Ditch the disposables. How much I saved in a year by opting for reusable items

Ditch the disposables. How much I saved in a year by opting for reusable items

We recently celebrated one year of minimalism, and in the anniversary post, I mentioned what we purchased in the last 12 months. But there’s also a lot of stuff that we didn’t buy, so let’s talk about reusable items.

When we were still in the decluttering and minimising phase, we tried to switch everything we can to a reusable option. I wrote a blog post about all the new habits we were trying out, but the emphasis was on space optimization and environment, but the truth is, we also saved some money. Let’s do the math together.

Reusable items – how much you can save

Kitchen paper towels

  • I would have bought one pack of 3 per month: £1.59 x 12 = £19.08.
  • Replaced with microfibre cloths, pack of 4: £3.
  • Savings in year 1: £16.08.

Paper tissues

  • Would have bought a set of 10 packets about 3-4 times a year: £1.68 x 4 = £6.72.
  • Replaced with cotton cloths, for free from Mom: £0.
  • Savings in year 1: £6.72.

Tampons

  • I would have bought three packs of 20 per 2 months: £2.75 x 18 = £49.5.
  • Replaced with OrganiCup: £21.
  • Savings in year 1: £28.5.

Bottled water

  • Would have bought one bottle every day: £0.39 x 365 = £143.35.
  • Replaced with tap water: ~0.
  • Savings per year: £143.35.

Groceries plastic bags

  • One new bag per shop, we shop twice a week: £0.05 x 104 = £5.2.
  • Replace with reusable tote bags that we received for free at events: £0.
  • Savings per year: £5.2.

Alin’s haircuts

It may not seem to be part of the same category as the others, but it’s about having a reusable product at home instead of going out to “buy” the haircuts. However, it’s worth mentioning that I’ve been taking care of this job almost since Alin and I met, so he never got a haircut in a barber’s shop in the UK. We had no idea how much it costs; I had to search online.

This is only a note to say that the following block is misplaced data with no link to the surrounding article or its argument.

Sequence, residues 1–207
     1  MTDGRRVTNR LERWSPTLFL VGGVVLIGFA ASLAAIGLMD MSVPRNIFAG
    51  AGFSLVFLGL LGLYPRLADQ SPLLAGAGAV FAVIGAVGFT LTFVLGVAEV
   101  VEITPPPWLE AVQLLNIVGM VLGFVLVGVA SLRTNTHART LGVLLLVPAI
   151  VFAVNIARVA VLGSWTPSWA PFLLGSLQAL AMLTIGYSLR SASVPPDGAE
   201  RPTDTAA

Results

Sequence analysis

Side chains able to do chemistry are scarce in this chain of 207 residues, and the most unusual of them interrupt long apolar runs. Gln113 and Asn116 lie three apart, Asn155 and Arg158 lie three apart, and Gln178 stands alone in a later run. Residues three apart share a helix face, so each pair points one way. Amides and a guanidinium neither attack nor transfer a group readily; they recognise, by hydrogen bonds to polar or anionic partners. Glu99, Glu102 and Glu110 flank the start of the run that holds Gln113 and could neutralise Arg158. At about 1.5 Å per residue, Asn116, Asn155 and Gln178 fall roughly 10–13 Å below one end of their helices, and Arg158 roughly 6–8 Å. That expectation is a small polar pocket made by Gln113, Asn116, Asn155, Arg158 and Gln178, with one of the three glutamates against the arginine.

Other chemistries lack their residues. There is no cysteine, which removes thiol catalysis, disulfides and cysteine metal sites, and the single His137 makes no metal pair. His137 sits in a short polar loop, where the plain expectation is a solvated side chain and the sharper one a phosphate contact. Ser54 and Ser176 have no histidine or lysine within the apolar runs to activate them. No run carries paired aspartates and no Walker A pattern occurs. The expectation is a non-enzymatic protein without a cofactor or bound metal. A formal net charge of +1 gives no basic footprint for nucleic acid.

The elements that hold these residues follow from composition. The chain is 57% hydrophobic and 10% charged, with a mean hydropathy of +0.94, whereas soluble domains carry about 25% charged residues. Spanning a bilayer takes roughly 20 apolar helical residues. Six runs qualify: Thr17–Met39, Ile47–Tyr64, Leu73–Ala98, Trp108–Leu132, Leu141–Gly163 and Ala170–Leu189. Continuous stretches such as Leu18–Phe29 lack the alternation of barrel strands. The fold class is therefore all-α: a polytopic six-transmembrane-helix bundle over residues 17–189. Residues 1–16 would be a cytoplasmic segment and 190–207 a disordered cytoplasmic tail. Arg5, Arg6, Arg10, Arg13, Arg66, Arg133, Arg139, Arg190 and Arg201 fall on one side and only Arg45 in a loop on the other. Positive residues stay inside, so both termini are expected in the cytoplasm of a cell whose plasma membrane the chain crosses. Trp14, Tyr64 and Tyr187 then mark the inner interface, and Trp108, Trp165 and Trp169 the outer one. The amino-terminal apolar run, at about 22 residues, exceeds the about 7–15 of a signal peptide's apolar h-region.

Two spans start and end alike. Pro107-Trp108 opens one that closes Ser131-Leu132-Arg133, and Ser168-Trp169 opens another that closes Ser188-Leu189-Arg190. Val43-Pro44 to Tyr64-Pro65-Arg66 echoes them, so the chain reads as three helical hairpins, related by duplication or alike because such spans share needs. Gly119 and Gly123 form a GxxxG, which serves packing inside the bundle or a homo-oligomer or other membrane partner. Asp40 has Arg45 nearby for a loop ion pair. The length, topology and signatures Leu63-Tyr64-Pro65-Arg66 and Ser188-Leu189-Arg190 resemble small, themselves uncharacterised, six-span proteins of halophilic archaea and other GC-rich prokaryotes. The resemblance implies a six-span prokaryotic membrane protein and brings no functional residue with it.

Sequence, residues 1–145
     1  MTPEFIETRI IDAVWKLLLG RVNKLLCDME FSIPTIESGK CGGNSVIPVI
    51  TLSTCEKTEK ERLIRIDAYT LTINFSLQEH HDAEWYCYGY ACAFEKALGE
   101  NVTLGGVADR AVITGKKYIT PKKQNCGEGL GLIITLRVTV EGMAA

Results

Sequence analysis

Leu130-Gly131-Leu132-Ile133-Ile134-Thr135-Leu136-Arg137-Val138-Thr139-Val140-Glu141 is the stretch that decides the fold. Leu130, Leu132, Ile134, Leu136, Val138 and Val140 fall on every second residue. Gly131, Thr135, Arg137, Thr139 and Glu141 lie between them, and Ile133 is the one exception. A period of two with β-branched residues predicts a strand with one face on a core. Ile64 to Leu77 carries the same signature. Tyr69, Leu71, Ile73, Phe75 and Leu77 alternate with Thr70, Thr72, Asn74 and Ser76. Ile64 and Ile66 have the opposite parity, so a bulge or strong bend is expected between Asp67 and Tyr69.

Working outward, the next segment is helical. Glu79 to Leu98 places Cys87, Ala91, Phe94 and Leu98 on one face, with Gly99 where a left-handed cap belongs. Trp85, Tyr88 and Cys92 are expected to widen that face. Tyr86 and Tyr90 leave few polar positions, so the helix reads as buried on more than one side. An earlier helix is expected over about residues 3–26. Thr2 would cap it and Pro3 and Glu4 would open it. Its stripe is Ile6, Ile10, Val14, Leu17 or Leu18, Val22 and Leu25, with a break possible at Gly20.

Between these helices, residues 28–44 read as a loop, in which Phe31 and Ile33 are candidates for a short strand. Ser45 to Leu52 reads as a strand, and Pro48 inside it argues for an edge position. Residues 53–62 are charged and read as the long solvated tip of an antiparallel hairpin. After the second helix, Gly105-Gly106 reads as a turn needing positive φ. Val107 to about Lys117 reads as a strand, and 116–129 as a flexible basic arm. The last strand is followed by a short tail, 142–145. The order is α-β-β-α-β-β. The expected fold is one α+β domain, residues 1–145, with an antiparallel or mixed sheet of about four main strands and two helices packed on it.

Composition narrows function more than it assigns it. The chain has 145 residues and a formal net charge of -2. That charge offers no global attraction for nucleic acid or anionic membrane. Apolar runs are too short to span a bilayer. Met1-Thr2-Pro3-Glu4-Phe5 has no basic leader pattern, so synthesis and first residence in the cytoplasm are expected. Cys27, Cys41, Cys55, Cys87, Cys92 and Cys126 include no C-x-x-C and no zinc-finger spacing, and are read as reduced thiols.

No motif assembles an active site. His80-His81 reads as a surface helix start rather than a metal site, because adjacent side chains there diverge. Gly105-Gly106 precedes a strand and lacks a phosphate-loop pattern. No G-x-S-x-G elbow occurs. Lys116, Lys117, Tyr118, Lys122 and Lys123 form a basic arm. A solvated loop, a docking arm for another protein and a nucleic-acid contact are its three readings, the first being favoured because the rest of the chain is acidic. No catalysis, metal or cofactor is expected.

• Alin gets about ten haircuts a year: £15 x 10 = £150;
  • Replaced with an electric hair clipper: 19£;
  • Savings in year 1: £131.

How much money I saved in a year by switching to reusable items. A minimalist and environmentally friendly home.

Total savings in year 1: £330.85;

Savings per year starting with year 2: £373.85.

Plans for more change

1. EcoEgg

Having heard a lot of good things about Ecoegg Laundry Egg, a reusable laundry capsule that can be used up to 720 times, I decided to purchase it next month and start using it as soon as my current pack of capsules runs out.

The EcoEgg would add another £100.95 of savings for every egg used.

Update: I bought the EcoEgg and used it with good results for the past two months. It doesn’t have a strong smell, and it handles our laundry well. But with no kids, I can’t say if it would work for someone who has children.

2. Grooming

Alin has just switched to a reusable razor, and I’m still in the process of laser hair removal, so I don’t have numbers just yet. Something to talk about in a future blog post.

Maybe these don’t seem like much yet, but they do add up. However, it depends on the brands that you buy; I made the math with the cheap, brandless items we used to purchase.

Money in your pocket

As a small part of any disposable item you buy ends up in the bin; you are literally throwing money away. Don’t hate your money.

And don’t hate the planet. We made these changes mainly to minimise our impact on the environment and not add to the mountains of garbage that are taking over the Earth. The fact that we also did ourselves a favour and saved £330, enough to pay all the utilities for a month (without including the rent), is a bonus.

Do you have any other reusables that I didn’t switch to yet?

Want more saving tips? There’s plenty of excellent advice in my e-book, “The Smart Girl’s Journey to Financial Bliss“, go check it out!

This post was shared on Brilliant Blog Posts Linkup.

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4 Comments

  1. I also reuse or recycle or use alternatives for all the above except for getting big jugs of water. The tap water here is not so good and we get a poison control notification about it every year. It isn’t safe to drink, so I don’t use that even with a filter. Perhaps I am too skeptical about that one. Otherwise, I am working on getting a bidet for our toilet so I don’t have to use toilet paper any longer too. 🙂
    Great post and I agree so much with it all.

    1. Author

      Toilet paper is something that is still a bit extreme to me, but never say never, I need to do more research. Too bad for your water problem! But if you do get big 5kg bottles, maybe reuse them after? I think I would cut them in half and make some flower pots 🙂

        1. Author

          Oh I love how small it is! I imagined a huge thing next to the toilet, but that’s not the case! Please let me know how it’s working for you once you have it.

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